I just managed to print the first few lines of my Robert Burns poem onto some untreated fabric. I spent ages making sure the label would be legible. Sadly with the new font I bought, it was hard to read.  However, little did I realize that I had a cool font ("Eccentric") already loaded in my computer that had a similar period feel and that seemed to work OK.  I ironed freezer paper onto the back of some Artfabrik, pushed the print button and out came this label looking deal.  Then I let it sit a bit before pressing it to set the black ink with heat.  Once I've decided where and if to put this on the surface of my quilt, I'll take a picture and post it.  I do have the rose and stem fused down and plan to do some handwork on that first before adding the other elements.  Might even have a go at a tiny  machine blanket stitch around the edge of each shape.  But I will practice first, that's fer sure...I think Ricky Tims wrote an article about that blanket stitching in a magazine I saw recently.  Maybe it was Quilting Arts.  I'll have to find my copy.

This is the totally delicious Almost No Knead Whole Wheat Sandwich Loaf which I baked in a regular baking tin - following the recipe from Breadutopia. 
It slices really easily when tipped over on its side, and I got really wafer thin slices this morning -- very English of me. Ancient memories of my late mother spreading butter on an uncut loaf before cutting thin slices of bread.  All I needed was cucumber to whip up some cucumber sandwiches.  But cucumber and me don't get along any more.  I love it but it doesn't love me.  Digestive issues!  

Recipe idea for Cucumber Sandwiches:  Soak thinly sliced cuke slices in apple cider or fish 'n' chip vinegar with a good dash of pepper and salt. ( Note:  If you use the regular big seeded cukes, peel them first.  If they are the "English" type cukes, I'd leave the skin on.  It looks pretty and doesn't taste bitter.)  Leave to soak for about 30 minutes.   Let most of the vinegar drain off the cuke slices. Make little sandwiches for teatime with thinly sliced whole wheat bread, spread lightly with softened butter, pile on a little heap of the vinegar-soaked cuke slices. Cut these sandwiches into into little triangles.  Some people cut of the crust off the bread if they are wanting to be fancy, and some people cut these sandwiches into long rectangles.   And others don't bother with the fancy shape cutting at all! And don't forget to serve a decent cup of your favorite tea to sip while you eat your sandwiches. (Note:  using butter on the bread helps soak up any excess vinegar from the cukes.)  Another variation would be to spread whipped cream cheese instead of butter -- you can do anything you want!   For any Brits or Canadians, I'll bet they've all tried a touch of the love-it-or-hate-it product Marmite on a cucumber sandwich, too.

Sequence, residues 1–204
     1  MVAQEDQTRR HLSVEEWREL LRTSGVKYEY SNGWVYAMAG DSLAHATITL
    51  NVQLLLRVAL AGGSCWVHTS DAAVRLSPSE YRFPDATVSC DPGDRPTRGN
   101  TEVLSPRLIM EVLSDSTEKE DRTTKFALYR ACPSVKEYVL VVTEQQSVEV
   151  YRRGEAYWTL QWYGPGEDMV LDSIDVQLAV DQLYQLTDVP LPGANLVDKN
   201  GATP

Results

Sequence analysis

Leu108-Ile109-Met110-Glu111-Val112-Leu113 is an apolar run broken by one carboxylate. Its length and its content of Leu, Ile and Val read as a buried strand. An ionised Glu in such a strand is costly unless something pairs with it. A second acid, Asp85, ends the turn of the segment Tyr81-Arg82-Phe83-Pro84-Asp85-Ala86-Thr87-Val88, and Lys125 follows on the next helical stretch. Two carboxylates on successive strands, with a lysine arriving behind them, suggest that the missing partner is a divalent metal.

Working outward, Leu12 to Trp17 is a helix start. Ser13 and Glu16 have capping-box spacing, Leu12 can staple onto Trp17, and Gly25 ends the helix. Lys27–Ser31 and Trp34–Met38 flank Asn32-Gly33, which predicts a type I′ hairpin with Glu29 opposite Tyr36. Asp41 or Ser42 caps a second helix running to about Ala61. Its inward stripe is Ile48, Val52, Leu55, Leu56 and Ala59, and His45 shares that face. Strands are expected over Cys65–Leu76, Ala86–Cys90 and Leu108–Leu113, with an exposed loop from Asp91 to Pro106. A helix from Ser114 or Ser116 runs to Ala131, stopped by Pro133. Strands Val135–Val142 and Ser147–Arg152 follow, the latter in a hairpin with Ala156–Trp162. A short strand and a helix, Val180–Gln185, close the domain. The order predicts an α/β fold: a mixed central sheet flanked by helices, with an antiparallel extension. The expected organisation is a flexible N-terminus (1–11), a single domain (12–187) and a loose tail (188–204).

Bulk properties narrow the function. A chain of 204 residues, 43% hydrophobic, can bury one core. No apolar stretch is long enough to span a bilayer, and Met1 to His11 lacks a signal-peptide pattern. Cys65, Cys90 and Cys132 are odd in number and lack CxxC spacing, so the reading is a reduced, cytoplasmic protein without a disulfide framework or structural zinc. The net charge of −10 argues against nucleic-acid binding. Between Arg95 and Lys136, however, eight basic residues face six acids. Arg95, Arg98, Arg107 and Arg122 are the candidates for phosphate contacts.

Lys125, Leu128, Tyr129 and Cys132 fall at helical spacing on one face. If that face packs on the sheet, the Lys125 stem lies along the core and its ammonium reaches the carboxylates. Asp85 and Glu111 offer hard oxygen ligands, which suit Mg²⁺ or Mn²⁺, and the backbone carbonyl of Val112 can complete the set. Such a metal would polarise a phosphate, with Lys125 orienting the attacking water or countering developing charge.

I found another stop to add to our weekend. My friend Petra, who's B&B we stay at when we're home, told me about a new wool store in Bowmanville. Hurray!!! Yeah, I know, like I need more wool. But you know what they say "she who dies with the most wool/material wins" :) Actually, I've been working through both of my stashes.

I'm going to be doing my bit for the economy this weekend. Speaking of the economy, I sometimes feel like the media is deliberately trying to turn this downturn into a recession/depression and won't be happy until they do. I know there are people out there that have lost their jobs and are really in a bad place -no irate emails please. But I'm talking in a more general sense. Check out this website. It's called Living on a Dime and is full of great information on living well , frugally. Tawra often makes very eye-opening observations (especially Feb 17), especially when people/media start comparing today with the Great Depression.

That said, I do agree it's time to reign in society's out of control spending. But more importantly, we have to stop supporting China, India, Vietnam, etc's economies and support our own. We need to "just say no" to imported junk and get North American manufacturing going again. I know this won't be popular, but I really think unions have outgrown their usefulness. They expect unrealistic wages and benefits, while protecting worker jobs whether they actually do their work or not. It's not the early 1900's when workers were abused/misused and even endangered. We have labour laws that can protect workers. There are still dangerous jobs still, but most of those aren't unionized anyway. I also think all governement employees, the big people (mayors, MPs, councillors, etc) should take a giant paycut -like in half. The money they get paid and the perks they get are absolutley ridiculous.